The Post report chose not to tell its readers that, in fact, the “capturing of small Russian towns” during the First Chechen War were terrorist acts, which included taking hostages from among the civilian population of the towns under attack and killing of some of them. Of particular note was the taking of some 2,000 hostages in the hospital in the town of Budyonnovsk in June 1995 by a group of terrorists let by notorious leader Shamil Basayev (Wikipedia). This group was responsible for nearly 200 civilian deaths.
Such tactics cannot achieve military goals, but the very essence of the conflict is to weaken Russia, even if the results are suicidal. This is the strategy pushed on the Kyiv regime by the Western powers since 2014.
Poisoned ‘depleted uranium’ ammunition being supplied to Ukraine by the West
At the end of April, close to the anniversary date of the 1986 nuclear power plant disaster in Chernobyl, the United Kingdom announced it would begin to deliver depleted uranium ammunition to Ukraine, for use in the ‘Challenger’ tanks which Britain had already committed to supply to the Kyiv regime. Britain does not monitor the use of the ammunition and is under no obligation to deal with the consequences of its use once the conflict ends. The Ukrainian Telegram channel ‘ZeRada’ writes.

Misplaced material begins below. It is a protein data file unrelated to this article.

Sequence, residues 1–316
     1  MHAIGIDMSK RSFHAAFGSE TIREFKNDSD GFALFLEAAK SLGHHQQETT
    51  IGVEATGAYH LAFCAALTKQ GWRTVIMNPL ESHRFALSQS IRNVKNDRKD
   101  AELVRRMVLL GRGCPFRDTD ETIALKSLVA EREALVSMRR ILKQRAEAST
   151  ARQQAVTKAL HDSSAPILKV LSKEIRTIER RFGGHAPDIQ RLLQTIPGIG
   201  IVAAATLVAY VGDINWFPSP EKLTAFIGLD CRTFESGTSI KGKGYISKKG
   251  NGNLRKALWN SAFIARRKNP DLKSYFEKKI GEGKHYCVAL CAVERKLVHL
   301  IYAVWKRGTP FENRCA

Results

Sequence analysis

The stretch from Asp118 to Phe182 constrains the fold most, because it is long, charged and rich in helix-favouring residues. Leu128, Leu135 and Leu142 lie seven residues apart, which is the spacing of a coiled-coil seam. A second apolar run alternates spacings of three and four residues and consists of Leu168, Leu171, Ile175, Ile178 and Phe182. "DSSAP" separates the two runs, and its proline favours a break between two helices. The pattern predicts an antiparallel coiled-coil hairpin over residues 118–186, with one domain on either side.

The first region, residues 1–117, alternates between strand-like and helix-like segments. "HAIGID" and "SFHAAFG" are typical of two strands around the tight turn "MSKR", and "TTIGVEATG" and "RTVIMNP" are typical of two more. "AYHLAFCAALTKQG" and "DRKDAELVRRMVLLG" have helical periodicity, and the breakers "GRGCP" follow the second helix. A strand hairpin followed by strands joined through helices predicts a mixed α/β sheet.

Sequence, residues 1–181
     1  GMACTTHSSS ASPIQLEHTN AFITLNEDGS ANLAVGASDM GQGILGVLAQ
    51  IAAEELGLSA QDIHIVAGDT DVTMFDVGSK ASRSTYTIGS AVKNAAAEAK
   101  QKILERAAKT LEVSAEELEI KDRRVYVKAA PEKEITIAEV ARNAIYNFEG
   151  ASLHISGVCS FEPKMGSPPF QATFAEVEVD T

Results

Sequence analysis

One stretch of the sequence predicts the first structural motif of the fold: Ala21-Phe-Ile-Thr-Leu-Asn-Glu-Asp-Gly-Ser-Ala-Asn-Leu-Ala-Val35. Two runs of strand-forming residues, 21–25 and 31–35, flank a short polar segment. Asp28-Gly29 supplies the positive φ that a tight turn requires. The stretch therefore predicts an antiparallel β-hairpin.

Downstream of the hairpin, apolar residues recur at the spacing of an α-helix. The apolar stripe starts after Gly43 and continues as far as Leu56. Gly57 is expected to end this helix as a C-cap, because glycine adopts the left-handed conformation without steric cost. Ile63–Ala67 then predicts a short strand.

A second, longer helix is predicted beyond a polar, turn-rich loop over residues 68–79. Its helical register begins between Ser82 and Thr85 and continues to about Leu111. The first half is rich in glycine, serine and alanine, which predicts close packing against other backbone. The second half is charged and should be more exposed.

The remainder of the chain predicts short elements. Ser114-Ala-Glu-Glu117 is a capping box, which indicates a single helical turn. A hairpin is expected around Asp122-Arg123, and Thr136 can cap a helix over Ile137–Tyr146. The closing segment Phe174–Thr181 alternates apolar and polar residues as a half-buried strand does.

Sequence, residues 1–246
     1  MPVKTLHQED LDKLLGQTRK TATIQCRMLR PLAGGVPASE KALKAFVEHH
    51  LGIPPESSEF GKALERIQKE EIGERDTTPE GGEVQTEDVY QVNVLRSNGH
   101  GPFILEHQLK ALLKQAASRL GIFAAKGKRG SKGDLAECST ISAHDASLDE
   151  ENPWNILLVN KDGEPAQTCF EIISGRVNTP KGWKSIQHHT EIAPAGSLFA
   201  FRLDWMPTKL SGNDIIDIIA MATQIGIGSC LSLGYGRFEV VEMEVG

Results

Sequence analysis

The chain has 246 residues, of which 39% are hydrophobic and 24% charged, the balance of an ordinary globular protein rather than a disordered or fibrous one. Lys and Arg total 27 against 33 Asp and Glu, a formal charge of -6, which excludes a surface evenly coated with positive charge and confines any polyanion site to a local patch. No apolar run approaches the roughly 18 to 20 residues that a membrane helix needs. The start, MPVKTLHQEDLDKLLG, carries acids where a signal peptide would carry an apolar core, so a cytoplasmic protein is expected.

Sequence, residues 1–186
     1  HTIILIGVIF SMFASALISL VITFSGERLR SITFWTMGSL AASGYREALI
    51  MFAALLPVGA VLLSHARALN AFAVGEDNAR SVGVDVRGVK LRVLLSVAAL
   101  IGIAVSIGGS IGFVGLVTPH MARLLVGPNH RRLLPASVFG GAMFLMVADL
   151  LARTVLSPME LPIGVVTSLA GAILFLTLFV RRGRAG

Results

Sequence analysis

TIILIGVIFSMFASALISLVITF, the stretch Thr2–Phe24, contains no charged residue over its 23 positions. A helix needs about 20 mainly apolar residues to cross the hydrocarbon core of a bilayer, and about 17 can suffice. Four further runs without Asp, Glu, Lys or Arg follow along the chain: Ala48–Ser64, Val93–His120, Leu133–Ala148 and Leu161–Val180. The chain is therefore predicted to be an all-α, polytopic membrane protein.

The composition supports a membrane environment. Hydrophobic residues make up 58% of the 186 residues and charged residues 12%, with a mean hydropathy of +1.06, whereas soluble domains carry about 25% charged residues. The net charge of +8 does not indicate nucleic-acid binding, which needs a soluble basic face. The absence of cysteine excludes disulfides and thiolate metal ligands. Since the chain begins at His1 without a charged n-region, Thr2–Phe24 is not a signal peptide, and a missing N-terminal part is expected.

“Everyone who writes today about the legacy of the disaster in Chernobyl, while remaining silent about Britain supplying depleted uranium, is a hypocrite. Hundreds of mini-Chernobyls are quietly arriving on our land because of such silence. No one in the Western media is reporting this and no one is speaking out against it.”
The writer continues, “Everyone knows the terrible statistics in Yugoslavia. Anyone could have read the warnings issued by the Serbian Health Minister at the time, but no one spoke out against it.”
Depleted uranium shells were widely used in the NATO strikes against Yugoslavia in 1999. According to medical researchers in Serbia today, the consequences include cancers, infertility and abnormalities in children born after the bombings.
Such munitions were also used during the invasion of Iraq in 2003, during the U.S, operation ‘Desert Storm’. More than 700,000 shells containing radioactive, depleted uranium were fired at ground targets. As a result residents of the Iraqi city of Fallujah, where some of the fiercest fighting between U.S. forces and popular, Iraqi forces took place, have the highest level of birth defects in the world.